To help keep its stores stocked with fresh products, Wawa’s high-volume distribution center sports a high-bay chilled warehouse serviced by 16 fully-automated mini-load stacker cranes and a warehouse management system from Swisslog, allowing the dairy to move 42,000 crates of liquid products daily with an accuracy rate exceeding 99.9%.
by Patrick Roberts, Contributing Editor
The name Wawa is well known throughout the mid-Atlantic states. Its dairy convenience stores are seemingly on every major thoroughfare, and with 400 million customers annually it presents a serious logistics challenge to keep the stores stocked. Nowhere is this challenge more critical than with the warehousing and distribution of its fresh liquid milk products. Few consumer food products require more demanding time and temperature controls from production through warehousing and distribution to their arrival on retailers’ shelves than dairy products. Fresh liquid milk must be distributed within days, and some of Wawa’s milk products are moved through its distribution center and shipped within a few hours after being filled and packaged.
The Need for Automation
Achieving this speed of throughput became increasingly more difficult for Wawa as its business continued to expand. The company was adding more new stores, and its manually-operated chilled warehouse had run out of room. Its production had outpaced its storage capacity. The company’s products were now being produced, staged on the warehouse floor and quickly shipped to make room for milk, teas and juices that were newly coming off the line. The distribution center’s storage space had surpassed maximum capacity and it was running out of space on the floor to stage products.
“The challenge was where to put the product,” says David Mann, manager of Wawa’s Beverage Warehouse. “Where do you store it? Basically, the plant would produce to ship. It wouldn’t ever produce more than could be shipped over the next day. There wasn’t any more room on the floor to stage it.”
To find a solution to this logistics challenge, and facilitate the need for speed and high throughput, Wawa brought in Swisslog Warehouse and Distribution Solutions to engineer and install a system that would meet the company’s demanding requirements. Swisslog put into place a streamlined and highly automated storage and distribution solution that would provide adequate storage capability and better ensure timely and accurate handling for all of its liquid products including milk, teas and juices.
Wawa’s solution focused on building a high-bay refrigerated warehouse, serviced by 16 high-speed, fully-automated storage and retrieval mini-load stacker cranes that efficiently move crates in and out of the 35-vertical-foot, high-bay racking. The high-bay/mini-load system receives crates filled with milk, teas and juices from upstream production, stores up to 80,000 crates in the system, then selects and releases crates to fill pick orders for shipping. The storage and retrieval functions are performed completely automated, without the need for direct human intervention.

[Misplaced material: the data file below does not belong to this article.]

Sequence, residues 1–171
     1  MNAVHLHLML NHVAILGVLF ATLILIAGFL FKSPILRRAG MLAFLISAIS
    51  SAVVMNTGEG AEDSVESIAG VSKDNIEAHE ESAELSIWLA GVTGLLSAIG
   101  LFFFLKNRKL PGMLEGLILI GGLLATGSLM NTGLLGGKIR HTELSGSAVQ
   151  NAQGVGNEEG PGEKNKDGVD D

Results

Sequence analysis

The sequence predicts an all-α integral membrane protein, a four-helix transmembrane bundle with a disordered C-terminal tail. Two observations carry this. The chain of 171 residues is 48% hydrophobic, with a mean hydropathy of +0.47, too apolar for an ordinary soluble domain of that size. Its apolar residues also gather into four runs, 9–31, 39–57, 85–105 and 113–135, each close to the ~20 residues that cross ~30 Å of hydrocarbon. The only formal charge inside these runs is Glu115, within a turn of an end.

There is a major benefit for Wawa’s warehouse switching from a manual to an automated high-bay chilled facility, and that is maximized building volume and increased cost efficiency. Wawa’s high-bay can handle a greater number of crates, but on a much smaller footprint. Of equal importance, the footprint reduction becomes an increasingly important factor in energy
savings since much of the cold loss in a chilled warehouses occurs through the roof. Chilled warehouses are giant insulated refrigerators which extract heat to produce a chilled environment. The removal of heat comes at a hefty energy cost. Having a smaller roof footprint in a refrigerated warehouse presents a considerably better energy solution.
Those high-bay, chilled warehouses that are the most energy and cost efficient have achieved a high density of space utilization. This means they have a space configuration that allows for the maximum number of crate positions to fit into the facility.
Wawa’s high-bay optimizes cubic space usage, not only by its vertical stacking capability, but also by minimizing aisle cubic footage. By eliminating the need for forklift trucks, aisles can be made significantly more narrow — allowing 12-foot wide aisles to become just five-foot wide. This space can then be used for more crate positions.
Wawa’s distribution facility can automatically handle 42,000 crates of liquid products daily, operating with a system uptime rate exceeding 99%, and an order accuracy rate topping 99.9%, while functioning in a chilled 35-degree environment.
For a more detailed look at Wawa’s distribution warehouse, stay tuned for the July issue of Convenience Store Decisions.